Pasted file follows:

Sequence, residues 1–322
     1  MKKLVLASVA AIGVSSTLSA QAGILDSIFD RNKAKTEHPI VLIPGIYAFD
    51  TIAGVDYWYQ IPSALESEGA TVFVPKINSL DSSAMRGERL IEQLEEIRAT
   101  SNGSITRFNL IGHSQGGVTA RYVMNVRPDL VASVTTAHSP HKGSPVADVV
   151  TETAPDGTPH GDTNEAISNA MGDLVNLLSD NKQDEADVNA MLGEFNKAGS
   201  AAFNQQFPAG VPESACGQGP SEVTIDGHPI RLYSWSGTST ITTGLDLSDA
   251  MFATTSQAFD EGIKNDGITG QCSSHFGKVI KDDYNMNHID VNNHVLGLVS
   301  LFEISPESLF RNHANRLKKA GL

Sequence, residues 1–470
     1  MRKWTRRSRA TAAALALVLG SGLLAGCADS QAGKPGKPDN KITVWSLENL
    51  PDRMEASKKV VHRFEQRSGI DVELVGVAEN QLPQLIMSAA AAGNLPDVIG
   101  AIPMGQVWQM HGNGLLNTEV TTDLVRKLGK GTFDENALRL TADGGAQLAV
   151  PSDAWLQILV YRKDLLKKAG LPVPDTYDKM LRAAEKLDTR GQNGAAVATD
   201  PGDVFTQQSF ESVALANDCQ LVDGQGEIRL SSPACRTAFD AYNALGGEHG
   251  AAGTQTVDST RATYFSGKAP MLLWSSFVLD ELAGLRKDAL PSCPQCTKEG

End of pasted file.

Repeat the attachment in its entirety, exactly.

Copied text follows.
Sequence, residues 1–322
     1  MKKLVLASVA AIGVSSTLSA QAGILDSIFD RNKAKTEHPI VLIPGIYAFD
    51  TIAGVDYWYQ IPSALESEGA TVFVPKINSL DSSAMRGERL IEQLEEIRAT
   101  SNGSITRFNL IGHSQGGVTA RYVMNVRPDL VASVTTAHSP HKGSPVADVV
   151  TETAPDGTPH GDTNEAISNA MGDLVNLLSD NKQDEADVNA MLGEFNKAGS
   201  AAFNQQFPAG VPESACGQGP SEVTIDGHPI RLYSWSGTST ITTGLDLSDA
   251  MFATTSQAFD EGIKNDGITG QCSSHFGKVI KDDYNMNHID VNNHVLGLVS
   301  LFEISPESLF RNHANRLKKA GL

Sequence, residues 1–470
     1  MRKWTRRSRA TAAALALVLG SGLLAGCADS QAGKPGKPDN KITVWSLENL
    51  PDRMEASKKV VHRFEQRSGI DVELVGVAEN QLPQLIMSAA AAGNLPDVIG
   101  AIPMGQVWQM HGNGLLNTEV TTDLVRKLGK GTFDENALRL TADGGAQLAV
   151  PSDAWLQILV YRKDLLKKAG LPVPDTYDKM LRAAEKLDTR GQNGAAVATD
   201  PGDVFTQQSF ESVALANDCQ LVDGQGEIRL SSPACRTAFD AYNALGGEHG
   251  AAGTQTVDST RATYFSGKAP MLLWSSFVLD ELAGLRKDAL PSCPQCTKEG